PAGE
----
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Konrad Mägi arrived on Saaremaa Island in summer 1913 and returned once more in the following summer. He mainly painted on outlying Vilsandi Island and in and near Kihelkonna around Abaja Bay.
The trip was undertaken on the orders of physician Hermann Valtok. In the sheds along Abaja Bay, he took mud baths to try to heal his arthritis-afflicted body. His stay on Vilsandi was perhaps on the recommendation of his good acquaintance, the poet Gustav Suits, who had spent a summer on the island in 1908. In one of his letters, Suits says he was the only holiday-maker on the island, which must not have been an established destination during the day, its vistas largely unknown to the public.
Similarly to his Norwegian period, Mägi only dated a few paintings of the ones painted in Saaremaa over two summers. Today we know of only three works where Mägi himself inscribed the date – “1913” in all cases. This date is not surprising – it was his first summer on Saaremaa and since his work was done in a very emotional manner, the first impressions may have had a stronger effect and made him work with greater verve and vigour. Yet this is surprising given the weather records.
One of the oldest weather stations in Europe operates on Vilsandi and thus we have detailed meteorological information about the summers of 1913 and 1914. These were very different summers. The summer of 1914 was very typical of Vilsandi: dry and sunny. The summer of 1913 on the other hand was unusually rainy.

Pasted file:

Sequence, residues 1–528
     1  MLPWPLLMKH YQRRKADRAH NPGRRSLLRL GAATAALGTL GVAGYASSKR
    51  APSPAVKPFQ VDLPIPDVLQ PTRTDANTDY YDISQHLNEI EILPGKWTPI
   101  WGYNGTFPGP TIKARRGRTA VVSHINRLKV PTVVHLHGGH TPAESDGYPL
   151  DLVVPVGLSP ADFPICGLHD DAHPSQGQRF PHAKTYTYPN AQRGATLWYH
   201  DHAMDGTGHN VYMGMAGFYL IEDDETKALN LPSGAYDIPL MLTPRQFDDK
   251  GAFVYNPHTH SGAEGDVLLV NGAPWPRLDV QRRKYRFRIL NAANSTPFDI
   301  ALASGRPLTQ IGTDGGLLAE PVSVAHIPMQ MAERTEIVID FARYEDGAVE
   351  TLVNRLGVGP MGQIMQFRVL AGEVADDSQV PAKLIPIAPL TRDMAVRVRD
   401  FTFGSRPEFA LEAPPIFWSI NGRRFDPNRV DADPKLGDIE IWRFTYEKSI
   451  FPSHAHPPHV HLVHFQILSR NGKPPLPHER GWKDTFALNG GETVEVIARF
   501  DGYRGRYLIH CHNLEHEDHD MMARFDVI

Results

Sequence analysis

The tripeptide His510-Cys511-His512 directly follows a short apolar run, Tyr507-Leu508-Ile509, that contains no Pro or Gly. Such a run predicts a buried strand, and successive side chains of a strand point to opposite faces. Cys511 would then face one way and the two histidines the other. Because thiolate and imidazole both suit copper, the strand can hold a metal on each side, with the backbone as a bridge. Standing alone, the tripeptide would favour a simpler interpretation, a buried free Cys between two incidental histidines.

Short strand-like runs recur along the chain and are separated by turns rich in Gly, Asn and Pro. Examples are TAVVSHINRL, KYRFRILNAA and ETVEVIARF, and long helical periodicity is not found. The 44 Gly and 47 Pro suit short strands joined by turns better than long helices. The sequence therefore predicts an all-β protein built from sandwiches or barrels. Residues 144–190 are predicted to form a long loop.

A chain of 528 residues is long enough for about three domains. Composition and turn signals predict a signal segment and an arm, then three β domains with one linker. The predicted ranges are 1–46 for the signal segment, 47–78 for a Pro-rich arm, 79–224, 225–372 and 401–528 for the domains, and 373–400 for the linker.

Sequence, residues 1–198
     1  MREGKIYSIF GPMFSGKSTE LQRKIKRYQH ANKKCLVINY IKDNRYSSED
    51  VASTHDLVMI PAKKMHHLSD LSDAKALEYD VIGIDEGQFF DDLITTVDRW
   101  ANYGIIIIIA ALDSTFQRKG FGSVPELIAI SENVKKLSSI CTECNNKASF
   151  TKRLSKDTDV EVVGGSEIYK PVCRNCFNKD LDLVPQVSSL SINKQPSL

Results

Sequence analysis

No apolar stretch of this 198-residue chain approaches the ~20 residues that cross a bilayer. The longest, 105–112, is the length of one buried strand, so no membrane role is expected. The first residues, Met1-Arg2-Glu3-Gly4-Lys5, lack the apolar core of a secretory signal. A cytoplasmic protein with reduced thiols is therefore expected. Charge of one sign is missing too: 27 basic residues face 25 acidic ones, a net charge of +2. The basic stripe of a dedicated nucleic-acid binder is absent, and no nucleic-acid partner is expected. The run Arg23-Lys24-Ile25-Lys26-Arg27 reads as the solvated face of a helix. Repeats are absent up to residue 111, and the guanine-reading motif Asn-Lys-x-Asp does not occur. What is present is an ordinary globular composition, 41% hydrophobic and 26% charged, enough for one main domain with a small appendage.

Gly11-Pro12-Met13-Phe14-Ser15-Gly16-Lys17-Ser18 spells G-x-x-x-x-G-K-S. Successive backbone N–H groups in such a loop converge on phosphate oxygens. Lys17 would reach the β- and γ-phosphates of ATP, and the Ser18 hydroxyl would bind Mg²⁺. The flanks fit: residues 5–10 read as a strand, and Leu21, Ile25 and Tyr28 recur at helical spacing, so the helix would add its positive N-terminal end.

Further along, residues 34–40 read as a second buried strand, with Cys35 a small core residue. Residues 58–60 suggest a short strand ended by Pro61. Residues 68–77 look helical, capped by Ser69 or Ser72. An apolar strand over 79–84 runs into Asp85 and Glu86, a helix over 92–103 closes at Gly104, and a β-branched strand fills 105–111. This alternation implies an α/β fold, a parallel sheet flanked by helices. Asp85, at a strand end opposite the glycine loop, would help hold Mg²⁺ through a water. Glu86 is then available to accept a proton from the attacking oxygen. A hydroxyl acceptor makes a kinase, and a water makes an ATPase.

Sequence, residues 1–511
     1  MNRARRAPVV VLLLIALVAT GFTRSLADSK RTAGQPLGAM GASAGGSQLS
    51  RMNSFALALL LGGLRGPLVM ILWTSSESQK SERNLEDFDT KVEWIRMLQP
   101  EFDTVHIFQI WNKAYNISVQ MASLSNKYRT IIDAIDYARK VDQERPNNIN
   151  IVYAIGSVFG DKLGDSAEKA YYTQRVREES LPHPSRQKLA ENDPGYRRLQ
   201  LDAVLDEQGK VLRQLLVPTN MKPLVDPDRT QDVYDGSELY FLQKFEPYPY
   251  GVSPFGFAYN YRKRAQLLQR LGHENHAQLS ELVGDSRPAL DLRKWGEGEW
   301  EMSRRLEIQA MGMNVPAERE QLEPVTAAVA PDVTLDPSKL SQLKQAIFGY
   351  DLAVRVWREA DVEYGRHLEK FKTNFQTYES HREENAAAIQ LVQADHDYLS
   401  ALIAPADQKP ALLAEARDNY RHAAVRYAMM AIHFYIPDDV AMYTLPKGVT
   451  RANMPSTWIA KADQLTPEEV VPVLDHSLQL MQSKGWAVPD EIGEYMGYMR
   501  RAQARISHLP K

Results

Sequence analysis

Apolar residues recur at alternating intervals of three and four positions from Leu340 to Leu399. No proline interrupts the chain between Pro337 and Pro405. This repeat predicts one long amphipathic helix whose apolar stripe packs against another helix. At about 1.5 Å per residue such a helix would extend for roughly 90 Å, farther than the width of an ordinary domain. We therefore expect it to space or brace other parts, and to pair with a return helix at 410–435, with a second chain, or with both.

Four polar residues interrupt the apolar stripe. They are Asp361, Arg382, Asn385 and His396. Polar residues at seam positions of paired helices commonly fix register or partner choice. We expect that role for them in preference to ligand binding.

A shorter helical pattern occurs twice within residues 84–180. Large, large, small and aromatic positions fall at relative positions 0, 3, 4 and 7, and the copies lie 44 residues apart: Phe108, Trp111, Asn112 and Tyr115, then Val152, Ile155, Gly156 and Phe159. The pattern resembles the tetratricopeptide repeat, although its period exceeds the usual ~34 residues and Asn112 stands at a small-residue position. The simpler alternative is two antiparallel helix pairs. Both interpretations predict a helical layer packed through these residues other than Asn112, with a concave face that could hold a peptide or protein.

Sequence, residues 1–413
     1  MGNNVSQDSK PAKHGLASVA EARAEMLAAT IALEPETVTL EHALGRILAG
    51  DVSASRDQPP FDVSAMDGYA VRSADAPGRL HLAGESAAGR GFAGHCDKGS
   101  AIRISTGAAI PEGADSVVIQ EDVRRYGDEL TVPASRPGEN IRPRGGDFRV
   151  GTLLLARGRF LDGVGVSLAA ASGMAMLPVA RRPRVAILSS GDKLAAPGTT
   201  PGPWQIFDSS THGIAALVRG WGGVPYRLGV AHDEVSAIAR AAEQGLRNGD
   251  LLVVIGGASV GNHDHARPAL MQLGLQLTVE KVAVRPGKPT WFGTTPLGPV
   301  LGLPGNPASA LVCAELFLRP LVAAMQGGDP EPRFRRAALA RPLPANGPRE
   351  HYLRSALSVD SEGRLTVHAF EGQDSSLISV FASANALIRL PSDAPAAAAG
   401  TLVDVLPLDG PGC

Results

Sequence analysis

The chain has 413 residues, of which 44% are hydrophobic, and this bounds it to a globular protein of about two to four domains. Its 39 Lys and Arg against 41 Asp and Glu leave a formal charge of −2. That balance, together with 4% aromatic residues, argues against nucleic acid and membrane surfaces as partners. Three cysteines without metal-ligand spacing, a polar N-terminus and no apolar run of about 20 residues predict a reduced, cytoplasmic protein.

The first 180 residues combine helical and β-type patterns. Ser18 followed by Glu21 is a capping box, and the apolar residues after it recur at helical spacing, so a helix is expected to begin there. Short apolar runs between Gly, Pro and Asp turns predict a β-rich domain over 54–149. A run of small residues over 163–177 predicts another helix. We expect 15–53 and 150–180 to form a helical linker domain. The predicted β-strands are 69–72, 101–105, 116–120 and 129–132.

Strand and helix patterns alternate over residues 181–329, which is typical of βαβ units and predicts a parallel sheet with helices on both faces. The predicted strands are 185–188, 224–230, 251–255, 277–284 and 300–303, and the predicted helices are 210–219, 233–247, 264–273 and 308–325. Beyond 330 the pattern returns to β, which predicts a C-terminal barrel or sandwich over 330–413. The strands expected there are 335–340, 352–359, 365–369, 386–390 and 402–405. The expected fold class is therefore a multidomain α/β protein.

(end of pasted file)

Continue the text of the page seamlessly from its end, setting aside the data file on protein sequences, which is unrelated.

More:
And yet Mägi dated this work 1913. The odd clouds in the sky, like hatching or a dotted line, also confirm the recorded date. This is a common weather phenomenon where the clouds lift after a rain: streams of air that were rising during the rain now start descending in the drier air and the cloud massif is torn into fragments like these by the air moving in different directions. We see the moment when it has been raining and the rain clouds have not yet exited the frame, and yet the landscape lies in some kind of especially intense abundance of light and colour.
Although 1913 was a cloudy and rainy summer, Mägi’s paintings from this year – and other Vilsandi paintings whose year we do not know – are full of light and colour. Indeed, the light is generally very bright in the Saaremaa cycle, which should make us ask whether the intense sense of light can be attributed to the weather conditions – sunlight from behind the clouds after a rain can seem very striking and powerful – or a certain psychological state where light is perceived as stronger and clearer than it actually was in real life. Is the date inscribed in the bottom left corner of Saaremaa Motif logical and realistic or just a clue as to the artist’s emotional state, some sort of tension, either personal or perceived as universal?
The reproduction of these works without the express written consent of the owner of the works is prohibited.